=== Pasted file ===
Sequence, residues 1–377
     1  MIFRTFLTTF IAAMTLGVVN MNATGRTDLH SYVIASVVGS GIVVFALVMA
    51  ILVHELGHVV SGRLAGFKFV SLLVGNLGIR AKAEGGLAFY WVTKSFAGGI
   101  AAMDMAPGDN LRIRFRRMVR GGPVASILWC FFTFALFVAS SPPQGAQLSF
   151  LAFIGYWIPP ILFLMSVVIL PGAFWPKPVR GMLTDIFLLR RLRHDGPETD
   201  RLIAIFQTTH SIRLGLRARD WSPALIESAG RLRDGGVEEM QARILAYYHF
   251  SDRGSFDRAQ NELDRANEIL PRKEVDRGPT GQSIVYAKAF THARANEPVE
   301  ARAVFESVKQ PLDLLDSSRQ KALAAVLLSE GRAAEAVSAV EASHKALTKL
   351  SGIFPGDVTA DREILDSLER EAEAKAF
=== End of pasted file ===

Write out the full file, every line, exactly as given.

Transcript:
Sequence, residues 1–377
     1  MIFRTFLTTF IAAMTLGVVN MNATGRTDLH SYVIASVVGS GIVVFALVMA
    51  ILVHELGHVV SGRLAGFKFV SLLVGNLGIR AKAEGGLAFY WVTKSFAGGI
   101  AAMDMAPGDN LRIRFRRMVR GGPVASILWC FFTFALFVAS SPPQGAQLSF
   151  LAFIGYWIPP ILFLMSVVIL PGAFWPKPVR GMLTDIFLLR RLRHDGPETD
   201  RLIAIFQTTH SIRLGLRARD WSPALIESAG RLRDGGVEEM QARILAYYHF
   251  SDRGSFDRAQ NELDRANEIL PRKEVDRGPT GQSIVYAKAF THARANEPVE
   301  ARAVFESVKQ PLDLLDSSRQ KALAAVLLSE GRAAEAVSAV EASHKALTKL
   351  SGIFPGDVTA DREILDSLER EAEAKAF